Which wines to aerate? Earth And Sky Wine Online | Expedited Home Delivery

Just breathe. Inhale, hold and exhale. A little longer with exhale so you keep the bp low and the mind flowing! But what about airing out the wine? Aeration – to be  precise.

What does it mean?

Exposure. Wine exposure. To what? Giving it a chance to breathe before you (the human breathing and potentially salivating) sip it!


The reaction between gases in the air and wine alters the wine flavour!


Some like it “hot” and some “not”. Figuratively speaking, of course! Some wines benefit from aeration and others do not! Methodology is always an important process.

When oxygen and wine interact from a scientific standpoint, there are two important processes (dial it back to those science classes in high school or university): EVAPORATION AND OXIDATION!  


Simply put from  liquid state to the vapor state. (And lay off those vapes kids!)

The more volatile the compound, the more instantly it evaporates into air. You know that sensation when you open a bottle of wine, you can smell the alcohol. What you are smelling is ethanol in the wine. (For a fun trip down memory lane, you may enjoy our blog on Prince Charles “not riding dirty” in his Aston Martin whip with some red wine fueling it up!)

But am I drinking alcohol so why do I not want that smell? (Let’s not get carried away as it is not Bacardi 151 that you did on a dare back in university. You are a sophisticated sipper now so shots are for the golf course and sipping is for the 19th hole!)

The answer is dispersion. You want to disperse the initial order to make the wine smell better. Thinking of it another way – the way the oenologists and winery wanted you to enjoy it!

Remember there is a reason that there is an alcohol percentage on the bottle because most of the wine is not alcohol. You want to smell the entirety of the wine.

This is particularly apposite (not opposite) when sulfites are adding to the wine. (We, humbly speaking, dropped an informative blog on this topic and why our portfolio focuses more on biodynamic and natural wines). But for those that are still sulfite driven, they are used [in] to protect it from microbes and to prevent too much oxidation but they can have a “burning matches” kind of scent so you will want to waft that odour to where odour belongs. Of course, be respectful of others in this regard.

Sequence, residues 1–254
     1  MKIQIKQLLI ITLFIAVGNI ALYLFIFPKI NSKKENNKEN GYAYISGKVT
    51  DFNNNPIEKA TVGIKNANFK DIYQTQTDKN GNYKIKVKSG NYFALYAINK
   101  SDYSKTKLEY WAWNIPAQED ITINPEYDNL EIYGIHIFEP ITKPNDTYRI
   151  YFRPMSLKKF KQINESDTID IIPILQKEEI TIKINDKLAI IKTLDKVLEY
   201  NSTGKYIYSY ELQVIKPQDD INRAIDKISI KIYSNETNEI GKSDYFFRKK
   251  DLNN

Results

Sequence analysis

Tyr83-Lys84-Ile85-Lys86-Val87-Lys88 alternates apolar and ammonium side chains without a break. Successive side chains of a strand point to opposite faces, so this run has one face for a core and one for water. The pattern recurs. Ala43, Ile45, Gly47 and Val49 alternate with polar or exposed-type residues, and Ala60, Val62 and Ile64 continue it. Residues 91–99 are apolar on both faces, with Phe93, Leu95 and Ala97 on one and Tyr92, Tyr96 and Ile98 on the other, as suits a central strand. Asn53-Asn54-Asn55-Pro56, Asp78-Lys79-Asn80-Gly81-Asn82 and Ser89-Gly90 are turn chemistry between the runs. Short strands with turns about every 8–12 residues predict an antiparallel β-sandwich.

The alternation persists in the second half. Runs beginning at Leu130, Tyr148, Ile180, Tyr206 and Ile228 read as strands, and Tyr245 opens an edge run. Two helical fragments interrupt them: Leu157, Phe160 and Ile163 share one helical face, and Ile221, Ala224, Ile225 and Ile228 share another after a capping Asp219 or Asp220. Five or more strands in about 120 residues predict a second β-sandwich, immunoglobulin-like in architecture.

The chemical reaction between certain molecules in wine and O2 from the air. Remembering there is more in the air than just O2 – certainly depending on where you live!

Certain compounds in wine are more susceptible to oxidation like catechins, anthocyanins, epicatechins. (More on that later!). Even alcohol is susceptible to it. Think how alcohol can be turned into vinegar. Some wines greatly improve from oxidation with respect to flavour and aroma. Again, too much can ruin a wine!

But a little bit of oxidation can assist with fruity and nutty aspects of wine!


Generally speaking (there are always exceptions to the rules) but white wines do NOT benefit from aeration. But why? For our science legends, they lack the high concentrations of pigment molecules that you would find in reds. It is these pigments that alter flavour when responding to the oxidation.

So naturally, we are going to ruminate about red wines and aerating them each time. Yes, you want to show a little skill for the missus so she misses your sophisticated style when you have that perfectly grilled venison and pureed kale and Portobello mushroom sauce and letting the red wine aerate for a little so the flavours dovetail with purity. But which ones should you aerate?

Inexpensive red wines (we know you are not drinking those and rocking that cardboard box with a nozzle on the end but out an abundance of caution) should NEVER be aerated. Especially those overly fruity ones that remind of you that syrupy grape juice you were drinking as a kid for a “sugar high”. If you are such a lockdown that that is all that you have left, then no oxidation. They will go flatter than those that think the world is still flat. (Yes – those people do exist and certainly have never seen Apollo 13 with Tom Hanks – thankfully he and his wife have recovered from their bout with this pandemic!).


Red wines that have earthy flavours are the most likely to be bolstered by aeration!  Particularly, those that have been stored in your new cellar that you love showcasing. Why? Well, the “vins vernacular” for this is “closed”. Kind of common sense right – wines down in the cellar all corked up is “closed” so this type of wine is augmented by “opening it up” to displaying its “olfactory and tasting range” after it has breathed a little!


After uncorking an earthy high end expensive wine (we do not necessarily mean price as we do our best to make high quality wines reasonably priced as opposed to the “price gougers” out there), taste it first to see if you think a little aeration would assist. Come back after 15 minutes and sample again. Then same idea every 15 minutes with a new glass. Yes, a little more dish work but that worth the price of admission – or aeration.

Naturally, we cordially invite you to sip the Earth and Sky wine in a sophisticated way and sample the aeration methods above. As always, feel free to drop a comment below to let us know how your aeration methods may be of assistance to your fellow sippers!

Until next time, stay sipping sophisticatedly!

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